story & photo
by Alexis Ann
They say that a picture is worth a thousand words. In the case of the drawing created by John D. Herz, graphite pencil artist, the visual is more than words. This rendering evokes deep emotion and depicts the camaraderie between the American Colonists and the Mohegan Tribe while honoring Samuel Ashbow, a Mohegan Warrior and the first Native American to give his life in the American Revolution at the Battle of Bunker Hill, June 17, 1775.
John Herz, a longtime friend of Maynard Strickland, Mohegan Tribal Councilor (ret) was commissioned by the Tribe to create a visual demonstrating the Mohegan Tribe’s relationship with the early American settlers. This project was fostered by Chairman Kevin Brown, retired Colonel, US Army.
“After a tremendous amount of research and with the help of Nonner Faith Damon Davison, I was able to detail the clothing, rifle, etc., offering a more realistic view of the era,” explained John. “It was a history lesson!”
The work of art was unveiled inside Mohegan Tribe’s Government Center before displaying it at their annual Wigwam Festival last month. This lifelike rendering was a show stopper, attracting Tribal members from around the globe.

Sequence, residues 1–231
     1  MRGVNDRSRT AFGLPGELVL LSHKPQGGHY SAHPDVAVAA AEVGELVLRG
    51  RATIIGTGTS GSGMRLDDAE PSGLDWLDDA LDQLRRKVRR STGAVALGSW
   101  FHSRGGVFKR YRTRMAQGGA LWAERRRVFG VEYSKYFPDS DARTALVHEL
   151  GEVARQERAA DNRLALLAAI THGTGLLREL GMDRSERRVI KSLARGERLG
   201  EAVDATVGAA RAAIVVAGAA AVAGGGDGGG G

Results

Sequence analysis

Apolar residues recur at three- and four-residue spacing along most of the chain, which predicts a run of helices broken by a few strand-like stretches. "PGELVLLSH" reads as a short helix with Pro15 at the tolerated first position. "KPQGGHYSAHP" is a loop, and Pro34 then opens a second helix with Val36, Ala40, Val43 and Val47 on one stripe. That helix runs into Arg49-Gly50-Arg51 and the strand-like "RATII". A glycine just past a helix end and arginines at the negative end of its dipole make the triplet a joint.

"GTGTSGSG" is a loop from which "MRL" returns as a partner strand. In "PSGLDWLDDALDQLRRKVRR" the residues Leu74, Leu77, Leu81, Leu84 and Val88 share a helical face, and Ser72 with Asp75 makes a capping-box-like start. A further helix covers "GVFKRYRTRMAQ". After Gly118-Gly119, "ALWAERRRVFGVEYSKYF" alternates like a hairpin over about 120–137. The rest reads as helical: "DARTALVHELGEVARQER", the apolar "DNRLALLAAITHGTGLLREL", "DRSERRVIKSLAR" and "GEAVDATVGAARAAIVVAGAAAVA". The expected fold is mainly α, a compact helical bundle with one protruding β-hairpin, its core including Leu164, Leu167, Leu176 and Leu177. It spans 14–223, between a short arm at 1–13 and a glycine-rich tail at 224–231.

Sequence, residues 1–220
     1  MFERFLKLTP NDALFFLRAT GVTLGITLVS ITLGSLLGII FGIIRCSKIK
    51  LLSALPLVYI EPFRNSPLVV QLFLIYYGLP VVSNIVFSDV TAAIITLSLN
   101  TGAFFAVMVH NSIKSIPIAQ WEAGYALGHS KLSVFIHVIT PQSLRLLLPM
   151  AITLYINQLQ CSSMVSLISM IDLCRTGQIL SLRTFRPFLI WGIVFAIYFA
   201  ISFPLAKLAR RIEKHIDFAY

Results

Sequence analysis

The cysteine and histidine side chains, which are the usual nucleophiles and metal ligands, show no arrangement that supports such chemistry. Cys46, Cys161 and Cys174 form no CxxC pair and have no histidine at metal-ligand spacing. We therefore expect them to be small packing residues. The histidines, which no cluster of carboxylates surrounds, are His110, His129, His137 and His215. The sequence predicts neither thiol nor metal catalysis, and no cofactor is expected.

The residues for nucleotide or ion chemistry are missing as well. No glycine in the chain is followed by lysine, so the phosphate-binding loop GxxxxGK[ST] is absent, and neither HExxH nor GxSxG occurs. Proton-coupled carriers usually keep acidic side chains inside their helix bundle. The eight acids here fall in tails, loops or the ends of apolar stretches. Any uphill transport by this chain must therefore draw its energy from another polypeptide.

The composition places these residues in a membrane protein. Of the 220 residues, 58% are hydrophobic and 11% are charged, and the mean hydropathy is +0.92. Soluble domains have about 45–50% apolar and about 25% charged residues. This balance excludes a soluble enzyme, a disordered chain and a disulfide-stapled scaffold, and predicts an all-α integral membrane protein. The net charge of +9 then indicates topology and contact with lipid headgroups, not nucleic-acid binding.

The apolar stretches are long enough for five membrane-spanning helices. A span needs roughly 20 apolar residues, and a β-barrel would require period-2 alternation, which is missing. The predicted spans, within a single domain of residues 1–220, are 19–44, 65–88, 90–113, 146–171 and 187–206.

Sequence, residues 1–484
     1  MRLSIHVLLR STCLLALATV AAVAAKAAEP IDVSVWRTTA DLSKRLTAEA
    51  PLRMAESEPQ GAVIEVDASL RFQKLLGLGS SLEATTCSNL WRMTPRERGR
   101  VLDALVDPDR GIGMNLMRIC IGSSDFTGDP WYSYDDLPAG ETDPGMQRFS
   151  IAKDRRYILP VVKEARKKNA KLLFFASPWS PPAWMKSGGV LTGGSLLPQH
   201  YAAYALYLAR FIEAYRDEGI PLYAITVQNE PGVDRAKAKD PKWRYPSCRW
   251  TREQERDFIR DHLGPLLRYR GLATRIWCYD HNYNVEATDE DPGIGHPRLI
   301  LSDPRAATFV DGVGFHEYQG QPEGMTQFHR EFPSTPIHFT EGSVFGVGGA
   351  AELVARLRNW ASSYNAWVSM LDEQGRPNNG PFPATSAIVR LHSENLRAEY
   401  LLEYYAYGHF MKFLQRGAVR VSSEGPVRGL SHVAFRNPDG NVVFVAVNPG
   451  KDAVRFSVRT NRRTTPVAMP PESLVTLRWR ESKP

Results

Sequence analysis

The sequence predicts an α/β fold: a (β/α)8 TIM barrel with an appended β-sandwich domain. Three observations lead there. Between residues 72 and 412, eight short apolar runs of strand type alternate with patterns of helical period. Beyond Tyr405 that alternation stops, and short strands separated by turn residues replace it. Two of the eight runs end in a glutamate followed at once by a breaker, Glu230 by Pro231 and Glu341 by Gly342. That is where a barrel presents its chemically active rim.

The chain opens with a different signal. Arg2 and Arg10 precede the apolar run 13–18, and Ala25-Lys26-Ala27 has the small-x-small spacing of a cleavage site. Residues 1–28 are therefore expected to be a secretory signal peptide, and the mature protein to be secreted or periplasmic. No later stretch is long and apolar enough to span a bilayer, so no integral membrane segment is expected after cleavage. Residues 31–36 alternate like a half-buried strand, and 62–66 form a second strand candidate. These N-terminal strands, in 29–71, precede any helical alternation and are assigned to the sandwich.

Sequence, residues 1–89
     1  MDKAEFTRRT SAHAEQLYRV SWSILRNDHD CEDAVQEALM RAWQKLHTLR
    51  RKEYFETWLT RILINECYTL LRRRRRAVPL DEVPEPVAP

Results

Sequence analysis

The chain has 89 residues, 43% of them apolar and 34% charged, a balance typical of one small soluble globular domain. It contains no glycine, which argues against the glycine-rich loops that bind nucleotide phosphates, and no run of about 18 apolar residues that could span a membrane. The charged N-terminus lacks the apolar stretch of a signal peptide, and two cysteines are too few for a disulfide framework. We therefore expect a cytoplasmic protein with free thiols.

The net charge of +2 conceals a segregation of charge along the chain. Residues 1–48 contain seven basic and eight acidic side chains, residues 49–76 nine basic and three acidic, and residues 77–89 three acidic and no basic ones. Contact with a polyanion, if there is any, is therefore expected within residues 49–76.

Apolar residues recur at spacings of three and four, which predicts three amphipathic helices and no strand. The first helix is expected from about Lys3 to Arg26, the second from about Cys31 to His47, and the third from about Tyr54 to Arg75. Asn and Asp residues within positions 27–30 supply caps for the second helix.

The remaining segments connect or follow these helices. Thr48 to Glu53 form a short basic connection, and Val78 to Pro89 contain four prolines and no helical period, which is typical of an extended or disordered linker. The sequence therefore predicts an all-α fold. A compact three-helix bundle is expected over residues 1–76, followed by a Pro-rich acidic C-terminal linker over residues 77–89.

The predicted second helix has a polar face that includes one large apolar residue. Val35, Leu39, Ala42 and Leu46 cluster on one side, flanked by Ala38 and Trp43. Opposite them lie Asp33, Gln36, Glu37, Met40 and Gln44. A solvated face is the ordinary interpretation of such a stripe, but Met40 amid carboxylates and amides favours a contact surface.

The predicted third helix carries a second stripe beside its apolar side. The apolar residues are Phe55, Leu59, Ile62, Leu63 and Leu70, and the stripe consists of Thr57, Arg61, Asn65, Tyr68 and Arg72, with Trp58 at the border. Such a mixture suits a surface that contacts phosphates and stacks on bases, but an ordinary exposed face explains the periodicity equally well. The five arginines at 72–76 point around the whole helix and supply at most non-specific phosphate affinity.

History of Samuel Ashbow
The son of the Reverend Samuel Ashbow, 29 year old Samuel Ashbow, Jr, was a man of peace. His wife and two year old son gave him all a man could want to live for. As much as he loved peace, he loved honor more – when tyranny and injustice rose up to threaten Colonial New England, Samuel answered the call to arms. His Bloodline could not stand inactive when cruelty threatened to prevail – he was a proud member of the Mohegan Tribe.
Musket held, Samuel marched with other members of the Connecticut Colonial Militia 75 arduous miles overland from Norwich to Cambridge, Massachusetts. Having been among the first to enlist in winter of 1775, Samuel joined other kindred brave souls on the hills surrounding Boston to drive the British Army and Royal Marine from the vital port. One of the high grounds was called Bunker Hill.
The Colonial Militia who took up position of defiance to the world’s most powerful empire was a reflection of the America that their efforts would give birth to – diverse races, ethnicities, persuasions, and faiths, some poor, some wealthy – united in a quest for equality and self-determination.
On the morning of June 17, 1775, the elite forces of Britain stormed the hastily thrown up defenses of the Colonists. Backed by artillery, row upon row of Redcoats assaulted the hills. The Colonists were out-gunned and out-numbered – they held their ground. A Nation’s birth held in the balance.
The third British wave breached the Colonial positions. Out of ammunition and lacking bayonets, the Colonists fought steel with their bare hands. Samuel Ashbow, Mohegan Warrior, died that the new Nation might live. He was buried in a mass grave, his Mohegan Blood mixing with that of his fellow Patriots. America took root and grew from that soil.